Pedal to the pumps

With a bike, places that are too far to walk and too annoying to reach by tube or bus are suddenly within Anthony Gladman's grasp


We each of us reach our limit at different times. For me it came towards the end of yet another daily walk, passing the same kids’ rainbow paintings in the same front windows as I had every evening since lockdown began to bite. Each one was a little more sun-bleached than it had been the day before, and a little less than it would be tomorrow.

I didn’t feel any hope when I looked at those rainbows. I felt crushing ennui. That sounds a touch poncey, I know, but I cannot think of a better word for feeling so completely sick of this locked-down life. I saw all at once how my world had shrunk to a handful of streets around my home. It had been months since I last went beyond walking distance from my front door.

That summer evening I yearned for freedom just as I had at seventeen when I wished (ha!) that my parents would buy me a car. Back then I longed for broader horizons — to see what was out there. Now I felt the same way about places I already knew but hadn’t visited since winter was turning into spring.

This was around the time that the pubs were finally reopening, and one in particular was calling to me. The Dulwich Wood House is just a couple of miles away from my home, but I didn’t often drink there in the Before Times. Now I found it much more attractive thanks to its massive beer garden.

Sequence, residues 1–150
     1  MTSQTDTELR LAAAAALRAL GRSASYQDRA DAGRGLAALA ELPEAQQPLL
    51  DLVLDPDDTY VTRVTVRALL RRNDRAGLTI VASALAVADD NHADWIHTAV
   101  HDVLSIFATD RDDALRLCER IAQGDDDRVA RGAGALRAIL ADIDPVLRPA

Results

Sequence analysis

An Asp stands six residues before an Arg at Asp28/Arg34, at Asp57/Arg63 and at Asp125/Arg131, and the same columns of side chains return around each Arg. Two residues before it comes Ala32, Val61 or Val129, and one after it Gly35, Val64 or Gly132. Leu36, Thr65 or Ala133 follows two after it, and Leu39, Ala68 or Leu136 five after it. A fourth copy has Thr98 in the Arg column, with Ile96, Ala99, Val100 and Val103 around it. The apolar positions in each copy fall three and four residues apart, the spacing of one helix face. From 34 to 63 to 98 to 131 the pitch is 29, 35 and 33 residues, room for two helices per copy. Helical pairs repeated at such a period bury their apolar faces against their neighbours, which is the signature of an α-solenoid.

PHOTO: Alex Motoc

I could have got there easily enough by taking a couple of buses, but I wasn’t keen on using public transport in the middle of this pandemic. What I had at seventeen that I don’t now is a bicycle, two wheels that granted me fun and autonomy. When I had a bike, places that were too far to walk and too annoying to reach by tube or bus were suddenly within my grasp. It was time I rediscovered that freedom.

I am not alone in feeling this way. Across the UK, hundreds of thousands of Britons have come to the same conclusion. Cycling is on the rise. During lockdown the capital saw levels 214% higher than were recorded on the same weekends during the previous year. In Manchester too levels have risen; throughout lockdown cycling in the city was consistently 22% above the annual average. And in Edinburgh, levels of cycling in May were 30% higher than they were in the same month last year.

Nipping out for a pint

Popping to the pub on your bike is hardly revolutionary. (Unless you’re looking for puns, I guess.) What’s new, in Britain’s big cities anyway, is that a lot more of us may be giving it a go this summer and beyond.

For many it will be an addendum to their day rather than a specific journey. Having swapped to a cycling commute, they will find themselves lugging the boneshaker along for a post-work drink. It wasn’t necessarily their plan to replace the old métro-boulot-dodo with a spot of velo-dipso-hoho, but they’re here now trying to make the best of it.

Having swapped to a cycling commute, Britons find themselves lugging the boneshaker along for a post-work drink

There will be others — myself included I hope — who will seek out specific pubs with the idea of riding there and back. So what makes a particular pub good to cycle to?

Practical matters first: you need somewhere to lock up your bike. A lamppost will do. Railings are better. Dedicated cycle racks or hoops better still. And best of all is somewhere visible from inside the pub, so you can reassure yourself that your bike is still there from time to time.